Screening our short films at the cinema on Monday. We burned an SD DVD from an HD project in DVDSP using some settings from an editor friend.
DVD looks great on the computer monitor and on a crappy DVD player and crappy TV. Cinema manager said that an SD DVD would look fine through their Blu-Ray. Went to test yesterday, and the films looked awful.
Blacks were milky, whites were blown out (no information) colors were desaturated and, at times, they were not accurately represented (skin tones were yellow, etc.). I know that SD DVDs will not look as good as Blu-Ray, but, from what little I've read in trying to research this situation, the quality is supposed to be "fine" or "pretty good." The quality yesterday was really, really bad. Unfortunately, the cinema will not let us plug the computer straight into the projector, which we have done before in other venues, and the projection looks fine. So, I'm trying to find a solution. Funnily enough, they *will* let us plug any kind of deck into the projector, so I'm going today to test with the crappy DVD player.
Has anyone had these issues with playing and projecting SD DVDs through Blu-Ray players?
Could it possibly be the projector itself?
Is there something else we can do in the authoring?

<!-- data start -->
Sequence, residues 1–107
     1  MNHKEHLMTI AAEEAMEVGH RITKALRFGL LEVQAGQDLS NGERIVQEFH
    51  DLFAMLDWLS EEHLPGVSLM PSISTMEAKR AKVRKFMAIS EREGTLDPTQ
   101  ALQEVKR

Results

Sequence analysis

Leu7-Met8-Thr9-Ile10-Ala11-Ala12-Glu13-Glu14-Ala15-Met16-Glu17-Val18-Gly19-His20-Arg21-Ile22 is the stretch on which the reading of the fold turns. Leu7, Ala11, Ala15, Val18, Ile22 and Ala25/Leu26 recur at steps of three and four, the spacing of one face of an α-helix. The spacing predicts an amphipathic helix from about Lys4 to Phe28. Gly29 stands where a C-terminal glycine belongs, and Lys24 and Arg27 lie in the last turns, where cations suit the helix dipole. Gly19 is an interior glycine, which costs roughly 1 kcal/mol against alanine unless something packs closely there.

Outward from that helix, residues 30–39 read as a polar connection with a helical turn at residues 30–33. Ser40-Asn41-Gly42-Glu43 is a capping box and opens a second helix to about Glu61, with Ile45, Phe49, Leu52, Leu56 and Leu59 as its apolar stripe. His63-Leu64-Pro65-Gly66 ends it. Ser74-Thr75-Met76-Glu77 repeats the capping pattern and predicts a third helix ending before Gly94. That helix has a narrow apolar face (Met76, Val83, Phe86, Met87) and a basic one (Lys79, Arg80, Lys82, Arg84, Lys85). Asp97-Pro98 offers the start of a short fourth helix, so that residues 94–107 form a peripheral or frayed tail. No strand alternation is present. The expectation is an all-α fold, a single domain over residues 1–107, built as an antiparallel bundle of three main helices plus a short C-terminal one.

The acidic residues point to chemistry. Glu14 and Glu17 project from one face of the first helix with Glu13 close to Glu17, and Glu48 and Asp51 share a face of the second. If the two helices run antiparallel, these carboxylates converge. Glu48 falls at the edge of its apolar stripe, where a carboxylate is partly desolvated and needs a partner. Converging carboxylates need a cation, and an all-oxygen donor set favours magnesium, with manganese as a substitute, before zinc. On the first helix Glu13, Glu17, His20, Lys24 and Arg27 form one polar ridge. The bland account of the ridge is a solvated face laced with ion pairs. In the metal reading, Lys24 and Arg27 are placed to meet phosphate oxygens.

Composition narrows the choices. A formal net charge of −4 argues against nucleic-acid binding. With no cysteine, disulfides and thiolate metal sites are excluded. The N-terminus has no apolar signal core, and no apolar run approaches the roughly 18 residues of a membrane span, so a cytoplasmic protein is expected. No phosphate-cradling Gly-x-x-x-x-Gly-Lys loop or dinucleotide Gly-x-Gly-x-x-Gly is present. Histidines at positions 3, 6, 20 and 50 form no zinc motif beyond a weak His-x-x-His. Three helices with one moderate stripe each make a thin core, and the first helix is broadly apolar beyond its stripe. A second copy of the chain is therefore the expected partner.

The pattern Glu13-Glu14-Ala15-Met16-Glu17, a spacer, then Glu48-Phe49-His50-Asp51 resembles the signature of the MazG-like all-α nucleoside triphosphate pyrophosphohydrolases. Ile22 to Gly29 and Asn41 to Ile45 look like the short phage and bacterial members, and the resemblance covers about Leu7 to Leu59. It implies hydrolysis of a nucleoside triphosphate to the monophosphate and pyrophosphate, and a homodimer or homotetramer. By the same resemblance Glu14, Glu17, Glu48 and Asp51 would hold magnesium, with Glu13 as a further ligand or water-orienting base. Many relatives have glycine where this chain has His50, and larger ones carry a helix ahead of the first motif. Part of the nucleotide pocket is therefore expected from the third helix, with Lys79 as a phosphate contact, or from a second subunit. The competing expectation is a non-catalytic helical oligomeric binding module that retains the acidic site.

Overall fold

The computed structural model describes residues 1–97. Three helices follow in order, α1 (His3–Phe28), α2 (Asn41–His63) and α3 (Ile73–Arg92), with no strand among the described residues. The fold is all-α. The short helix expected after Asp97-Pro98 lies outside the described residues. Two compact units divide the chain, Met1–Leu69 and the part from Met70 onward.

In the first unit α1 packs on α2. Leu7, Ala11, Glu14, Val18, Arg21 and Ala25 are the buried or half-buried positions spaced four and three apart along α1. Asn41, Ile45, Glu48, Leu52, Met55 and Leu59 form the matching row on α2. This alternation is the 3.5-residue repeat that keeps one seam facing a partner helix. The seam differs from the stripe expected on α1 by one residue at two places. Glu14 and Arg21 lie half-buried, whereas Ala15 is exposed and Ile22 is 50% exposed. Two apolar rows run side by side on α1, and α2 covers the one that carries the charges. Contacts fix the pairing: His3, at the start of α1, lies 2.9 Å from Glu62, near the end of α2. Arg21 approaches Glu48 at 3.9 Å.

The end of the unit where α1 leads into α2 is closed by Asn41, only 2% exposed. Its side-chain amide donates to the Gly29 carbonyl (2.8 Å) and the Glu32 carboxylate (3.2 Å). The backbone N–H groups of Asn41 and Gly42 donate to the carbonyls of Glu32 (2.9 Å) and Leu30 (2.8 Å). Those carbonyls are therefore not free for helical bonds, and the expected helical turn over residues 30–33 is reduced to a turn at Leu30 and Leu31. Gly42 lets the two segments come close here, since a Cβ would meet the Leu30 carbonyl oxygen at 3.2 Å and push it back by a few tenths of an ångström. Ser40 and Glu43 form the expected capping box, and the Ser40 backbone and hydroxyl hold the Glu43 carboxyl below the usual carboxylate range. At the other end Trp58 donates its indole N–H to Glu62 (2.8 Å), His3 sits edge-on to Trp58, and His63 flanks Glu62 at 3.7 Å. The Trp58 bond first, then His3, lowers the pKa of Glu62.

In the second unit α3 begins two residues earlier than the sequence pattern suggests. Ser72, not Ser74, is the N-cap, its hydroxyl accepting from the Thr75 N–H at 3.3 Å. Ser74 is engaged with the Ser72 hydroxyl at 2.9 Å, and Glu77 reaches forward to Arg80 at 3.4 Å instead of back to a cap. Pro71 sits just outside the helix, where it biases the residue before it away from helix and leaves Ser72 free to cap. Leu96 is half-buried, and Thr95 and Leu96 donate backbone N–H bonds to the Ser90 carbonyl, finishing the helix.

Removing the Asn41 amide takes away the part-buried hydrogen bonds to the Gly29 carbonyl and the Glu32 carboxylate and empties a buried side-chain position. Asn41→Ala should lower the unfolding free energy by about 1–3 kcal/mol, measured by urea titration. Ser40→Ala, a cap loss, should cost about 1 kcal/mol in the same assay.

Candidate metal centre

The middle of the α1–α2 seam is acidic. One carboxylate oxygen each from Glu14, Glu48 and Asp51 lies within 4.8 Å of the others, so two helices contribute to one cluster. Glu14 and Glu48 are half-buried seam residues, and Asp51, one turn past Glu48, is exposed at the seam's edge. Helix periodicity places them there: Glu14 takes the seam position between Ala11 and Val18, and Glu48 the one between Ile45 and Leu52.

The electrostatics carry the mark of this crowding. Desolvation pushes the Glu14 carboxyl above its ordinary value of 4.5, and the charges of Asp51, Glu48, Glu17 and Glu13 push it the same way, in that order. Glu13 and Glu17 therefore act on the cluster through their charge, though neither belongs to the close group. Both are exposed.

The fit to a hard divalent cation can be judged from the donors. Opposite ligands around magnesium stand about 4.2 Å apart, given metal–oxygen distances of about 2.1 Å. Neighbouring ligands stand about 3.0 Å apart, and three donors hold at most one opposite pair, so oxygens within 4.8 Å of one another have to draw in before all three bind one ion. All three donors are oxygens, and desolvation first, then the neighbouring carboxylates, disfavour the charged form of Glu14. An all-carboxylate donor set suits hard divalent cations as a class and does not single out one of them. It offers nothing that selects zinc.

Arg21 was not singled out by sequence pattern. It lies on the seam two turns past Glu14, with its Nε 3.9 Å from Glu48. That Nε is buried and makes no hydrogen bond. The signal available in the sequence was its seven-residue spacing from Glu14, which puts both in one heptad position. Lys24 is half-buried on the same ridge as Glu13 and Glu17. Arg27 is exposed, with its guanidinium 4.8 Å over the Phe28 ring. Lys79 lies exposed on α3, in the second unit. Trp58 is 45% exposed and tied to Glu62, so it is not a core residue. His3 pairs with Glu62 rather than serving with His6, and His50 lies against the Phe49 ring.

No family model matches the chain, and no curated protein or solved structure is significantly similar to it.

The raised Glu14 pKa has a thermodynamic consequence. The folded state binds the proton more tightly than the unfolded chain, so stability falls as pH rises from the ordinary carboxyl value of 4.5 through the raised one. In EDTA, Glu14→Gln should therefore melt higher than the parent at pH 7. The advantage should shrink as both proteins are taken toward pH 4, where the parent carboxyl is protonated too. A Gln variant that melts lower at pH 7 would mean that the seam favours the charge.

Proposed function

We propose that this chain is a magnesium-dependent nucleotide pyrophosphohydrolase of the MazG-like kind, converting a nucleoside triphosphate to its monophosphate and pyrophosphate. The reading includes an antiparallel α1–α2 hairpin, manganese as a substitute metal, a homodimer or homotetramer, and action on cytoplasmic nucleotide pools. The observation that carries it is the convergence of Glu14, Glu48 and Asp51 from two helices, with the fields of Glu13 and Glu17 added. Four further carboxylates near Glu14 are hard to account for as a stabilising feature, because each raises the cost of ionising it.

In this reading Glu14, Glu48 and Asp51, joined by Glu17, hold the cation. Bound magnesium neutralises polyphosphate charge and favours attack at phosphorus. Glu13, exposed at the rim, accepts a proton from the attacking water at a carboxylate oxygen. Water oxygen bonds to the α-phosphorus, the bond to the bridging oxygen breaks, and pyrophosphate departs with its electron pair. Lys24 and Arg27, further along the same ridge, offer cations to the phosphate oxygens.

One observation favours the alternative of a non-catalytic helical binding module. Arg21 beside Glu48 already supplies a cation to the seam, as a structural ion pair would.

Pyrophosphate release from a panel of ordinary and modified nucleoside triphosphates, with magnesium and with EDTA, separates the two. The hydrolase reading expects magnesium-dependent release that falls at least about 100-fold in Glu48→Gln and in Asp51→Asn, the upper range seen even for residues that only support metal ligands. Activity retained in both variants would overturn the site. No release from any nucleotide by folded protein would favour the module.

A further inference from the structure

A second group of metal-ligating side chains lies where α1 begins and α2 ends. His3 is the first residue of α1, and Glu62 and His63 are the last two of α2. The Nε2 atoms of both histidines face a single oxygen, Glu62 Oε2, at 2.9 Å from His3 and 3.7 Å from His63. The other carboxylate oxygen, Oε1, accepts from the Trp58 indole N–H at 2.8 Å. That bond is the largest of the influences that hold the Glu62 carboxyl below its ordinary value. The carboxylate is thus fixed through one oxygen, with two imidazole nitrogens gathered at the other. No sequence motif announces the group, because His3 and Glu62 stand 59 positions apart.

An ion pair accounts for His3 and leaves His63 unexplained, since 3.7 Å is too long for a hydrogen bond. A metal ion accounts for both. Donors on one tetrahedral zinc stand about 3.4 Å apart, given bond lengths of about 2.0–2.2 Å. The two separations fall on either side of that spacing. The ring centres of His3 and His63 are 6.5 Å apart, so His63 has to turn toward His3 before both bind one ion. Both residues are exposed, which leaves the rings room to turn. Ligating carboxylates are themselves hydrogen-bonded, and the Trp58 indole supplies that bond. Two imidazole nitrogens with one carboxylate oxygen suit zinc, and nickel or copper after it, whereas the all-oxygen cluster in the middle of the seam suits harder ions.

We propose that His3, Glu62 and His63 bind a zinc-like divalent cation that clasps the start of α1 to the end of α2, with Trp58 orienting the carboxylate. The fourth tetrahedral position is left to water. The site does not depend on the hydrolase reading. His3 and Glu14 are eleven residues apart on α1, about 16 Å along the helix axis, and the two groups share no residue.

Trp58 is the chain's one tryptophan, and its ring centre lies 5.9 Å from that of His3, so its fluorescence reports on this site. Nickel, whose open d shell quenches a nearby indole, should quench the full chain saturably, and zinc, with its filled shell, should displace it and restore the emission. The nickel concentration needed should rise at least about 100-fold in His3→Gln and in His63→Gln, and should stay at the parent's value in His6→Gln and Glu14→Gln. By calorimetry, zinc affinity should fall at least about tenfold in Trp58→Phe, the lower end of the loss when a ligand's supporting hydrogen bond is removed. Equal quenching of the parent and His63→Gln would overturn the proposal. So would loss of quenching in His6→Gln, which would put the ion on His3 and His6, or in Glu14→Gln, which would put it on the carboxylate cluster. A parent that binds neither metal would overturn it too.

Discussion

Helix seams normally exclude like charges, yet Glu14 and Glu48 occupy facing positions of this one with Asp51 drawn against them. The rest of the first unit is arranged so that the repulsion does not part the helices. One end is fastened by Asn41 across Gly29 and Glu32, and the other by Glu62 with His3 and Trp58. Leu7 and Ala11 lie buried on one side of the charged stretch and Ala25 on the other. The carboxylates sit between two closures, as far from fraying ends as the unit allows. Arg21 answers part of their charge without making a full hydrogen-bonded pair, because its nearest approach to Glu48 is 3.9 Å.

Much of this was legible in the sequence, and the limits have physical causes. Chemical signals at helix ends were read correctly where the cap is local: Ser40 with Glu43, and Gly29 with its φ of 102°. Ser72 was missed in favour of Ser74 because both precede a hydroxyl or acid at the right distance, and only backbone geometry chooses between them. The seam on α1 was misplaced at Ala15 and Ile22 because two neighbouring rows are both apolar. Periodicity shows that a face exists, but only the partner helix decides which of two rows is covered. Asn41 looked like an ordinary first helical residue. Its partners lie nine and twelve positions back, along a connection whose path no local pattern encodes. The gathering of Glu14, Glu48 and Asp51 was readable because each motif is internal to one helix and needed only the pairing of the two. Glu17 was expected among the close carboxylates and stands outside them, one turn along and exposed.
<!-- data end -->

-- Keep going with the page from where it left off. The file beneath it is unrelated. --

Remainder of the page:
Obviously, we should eventually make a Blu-Ray, but this is New Orleans, baby, and we don't have that kind of facility here to get it done before Monday.
Any, any help, rumination, guesses would be very helpful.
Depends entirely on the player and the projector- their ability to upconvert makes all the difference. If you want to quickly project nice looking HD- best way is burn an HD ProRes and connect your computer to the projector via DVI.
Very true. We've screened before by connecting projector straight to computer, and it looks beautiful.
Went for another test last night, and the projectionist fiddled around with the settings on the projector. We chose a "graphic" look, which, at first looked really dark until we changed contrast and brightness. It looks passable now. At least the skin tones look more natural.
Obviously, the sound is brilliant! Funnily enough, I've found that the regular cinema goer does not notice poor picture quality as much as the notice poor sound quality.
Going to make HDCAM for festival screenings and maybe a Blu-Ray. All of these formats, etc. are doing my head in. I long for the days when it was just film and prints. Sadly, those days are gone.